There is a famous question on the first pasouq of parashat Toledot:
"This is the account of Abraham's son Yisshaq. Abraham became the father of Yisshaq." (Genesis 25,19)
In Hebrew the verse tells us "Avaraham holid et Yisshaq" - literally, Abraham "gave birth" to Yisshaq. Our rabbis ask: if the verse first tells us that Abraham's son was Yisshaq, then the ending of the verse is obvious! We know that Abraham became the father of Yisshaq. What purpose does the ending of the verse serve?
Rashi answers that after the Torah tells us that Abraham's son was Yisshaq, the Torah must tell us that Abraham "gave birth" (holid) to him. Why? Rashi explains that the "Lessaneh Hador," the foolish people (those who try to undermine the faith), will raise doubt and say that Sarah became pregnant from Avimelech. They contended that Sarah was with Abraham for many years, never conceived, and suddenly after the episode with Avimelech (who took Sarah for a wife- briefly) she conceived a child. Therefore, they reasoned and promulgated, Avimelech must have fathered Yisshaq.
What did Hashem do? Yisshaq physically resembled Abraham to such a degree that everyone testified, "Abraham gave birth to Yisshaq." Their relationship was obvious to all, giving the foolish no possible way to contend that Sarah conceived from Avimelech.
One question remains about the true intention of these foolish people. A great rabbi once asked: had the foolish people succeeded in convincing the world that Sarah conceived from Avimelech, they would still have to admit that a great miracle occurred to Sarah. Be the father Avraham or Avimelech, Sarah was still a ninety year old woman who gave birth, proving the existence and intervention of Hashem.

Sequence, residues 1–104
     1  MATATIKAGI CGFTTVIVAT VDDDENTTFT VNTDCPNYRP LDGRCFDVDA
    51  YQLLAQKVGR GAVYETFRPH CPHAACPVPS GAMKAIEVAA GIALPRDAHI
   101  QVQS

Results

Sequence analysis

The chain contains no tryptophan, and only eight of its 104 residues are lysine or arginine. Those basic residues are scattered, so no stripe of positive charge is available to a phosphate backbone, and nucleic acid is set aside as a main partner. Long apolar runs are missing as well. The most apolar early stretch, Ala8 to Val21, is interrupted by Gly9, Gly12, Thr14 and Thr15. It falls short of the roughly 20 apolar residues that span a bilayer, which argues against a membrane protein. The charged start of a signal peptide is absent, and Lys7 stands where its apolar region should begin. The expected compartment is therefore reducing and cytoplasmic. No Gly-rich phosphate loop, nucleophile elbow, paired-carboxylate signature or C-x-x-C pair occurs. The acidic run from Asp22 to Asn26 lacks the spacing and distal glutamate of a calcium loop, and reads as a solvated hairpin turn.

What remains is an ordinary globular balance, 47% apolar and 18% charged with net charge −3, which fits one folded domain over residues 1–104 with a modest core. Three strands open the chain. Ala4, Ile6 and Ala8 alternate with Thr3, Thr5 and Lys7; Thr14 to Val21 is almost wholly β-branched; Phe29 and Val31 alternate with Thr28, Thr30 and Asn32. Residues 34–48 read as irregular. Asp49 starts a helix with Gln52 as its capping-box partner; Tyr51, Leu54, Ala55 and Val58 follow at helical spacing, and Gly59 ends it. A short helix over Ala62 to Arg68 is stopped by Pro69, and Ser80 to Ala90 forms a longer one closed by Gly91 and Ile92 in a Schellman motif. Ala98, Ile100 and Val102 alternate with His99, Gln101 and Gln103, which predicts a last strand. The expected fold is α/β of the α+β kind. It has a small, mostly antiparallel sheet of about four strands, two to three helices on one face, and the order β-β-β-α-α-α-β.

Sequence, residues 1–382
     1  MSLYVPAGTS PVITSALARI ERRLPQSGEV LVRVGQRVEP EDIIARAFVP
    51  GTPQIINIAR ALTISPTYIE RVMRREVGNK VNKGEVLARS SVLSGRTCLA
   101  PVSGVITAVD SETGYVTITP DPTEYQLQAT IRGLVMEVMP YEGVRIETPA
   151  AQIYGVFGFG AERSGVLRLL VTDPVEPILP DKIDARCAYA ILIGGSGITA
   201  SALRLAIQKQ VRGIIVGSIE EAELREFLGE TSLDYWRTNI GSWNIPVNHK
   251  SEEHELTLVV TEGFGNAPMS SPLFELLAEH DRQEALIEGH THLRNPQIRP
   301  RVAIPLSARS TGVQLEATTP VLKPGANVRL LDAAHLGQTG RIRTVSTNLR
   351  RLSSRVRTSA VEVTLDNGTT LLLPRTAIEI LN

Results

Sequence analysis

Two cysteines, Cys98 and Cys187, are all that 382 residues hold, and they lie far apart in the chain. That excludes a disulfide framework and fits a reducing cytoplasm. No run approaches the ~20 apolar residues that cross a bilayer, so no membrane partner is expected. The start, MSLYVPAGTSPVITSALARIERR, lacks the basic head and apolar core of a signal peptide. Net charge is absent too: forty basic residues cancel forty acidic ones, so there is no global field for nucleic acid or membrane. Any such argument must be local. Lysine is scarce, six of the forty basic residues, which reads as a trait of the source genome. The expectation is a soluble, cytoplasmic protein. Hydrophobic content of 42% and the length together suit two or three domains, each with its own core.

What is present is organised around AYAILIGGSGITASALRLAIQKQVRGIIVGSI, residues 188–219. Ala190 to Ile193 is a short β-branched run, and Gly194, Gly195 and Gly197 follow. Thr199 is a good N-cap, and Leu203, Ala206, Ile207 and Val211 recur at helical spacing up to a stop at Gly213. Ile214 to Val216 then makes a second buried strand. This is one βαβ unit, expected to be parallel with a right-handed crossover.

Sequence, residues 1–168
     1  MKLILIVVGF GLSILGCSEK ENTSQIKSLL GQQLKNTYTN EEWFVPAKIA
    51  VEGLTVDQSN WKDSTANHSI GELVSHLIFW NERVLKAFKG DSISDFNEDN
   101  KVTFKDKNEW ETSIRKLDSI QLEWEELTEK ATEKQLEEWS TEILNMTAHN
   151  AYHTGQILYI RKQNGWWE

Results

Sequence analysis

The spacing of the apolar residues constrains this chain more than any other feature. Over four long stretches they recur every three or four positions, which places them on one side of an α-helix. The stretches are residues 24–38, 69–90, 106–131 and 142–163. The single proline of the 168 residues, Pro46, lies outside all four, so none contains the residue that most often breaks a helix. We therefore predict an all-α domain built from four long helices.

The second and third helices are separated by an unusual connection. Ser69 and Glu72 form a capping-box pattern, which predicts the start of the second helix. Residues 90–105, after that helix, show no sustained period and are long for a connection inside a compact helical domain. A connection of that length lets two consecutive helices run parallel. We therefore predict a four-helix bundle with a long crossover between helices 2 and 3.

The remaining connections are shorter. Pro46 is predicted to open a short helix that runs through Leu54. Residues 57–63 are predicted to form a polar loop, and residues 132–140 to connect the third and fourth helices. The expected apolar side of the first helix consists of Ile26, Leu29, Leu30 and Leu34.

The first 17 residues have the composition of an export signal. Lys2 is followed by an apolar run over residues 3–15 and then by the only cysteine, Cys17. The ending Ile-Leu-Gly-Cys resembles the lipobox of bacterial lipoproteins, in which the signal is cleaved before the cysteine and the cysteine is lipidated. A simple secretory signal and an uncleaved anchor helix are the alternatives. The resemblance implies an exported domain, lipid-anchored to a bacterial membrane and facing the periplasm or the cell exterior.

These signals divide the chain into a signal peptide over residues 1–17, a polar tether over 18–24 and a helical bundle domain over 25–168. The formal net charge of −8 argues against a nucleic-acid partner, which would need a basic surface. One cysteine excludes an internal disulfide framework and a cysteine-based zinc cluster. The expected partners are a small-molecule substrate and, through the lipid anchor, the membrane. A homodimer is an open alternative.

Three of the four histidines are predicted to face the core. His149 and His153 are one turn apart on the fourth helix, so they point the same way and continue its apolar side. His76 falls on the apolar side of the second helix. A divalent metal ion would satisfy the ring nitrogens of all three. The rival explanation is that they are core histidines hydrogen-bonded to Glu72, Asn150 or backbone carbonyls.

So what was their true intention?
These individuals were not trying to deny that the miracle actually occurred, but rather they were trying to change who the miracle happened for; had they succeeded, we would be forced to say that a miracle occurred for Avimelech Harasha. This would allow the foolish to claim that Hashem does perform miracle, but not just for the righteous. This philosophy has dangerous ramifications. Knowing that a miracle can occur for anyone, we are no longer interested in learning from Avraham's righteous ways and incorporating his behavior into our lives. Just as our rabbis in the past guided and protected us from false philosophies, we too should be careful to guard ourselves and our children from such faulty ideologies from seeping into our homes.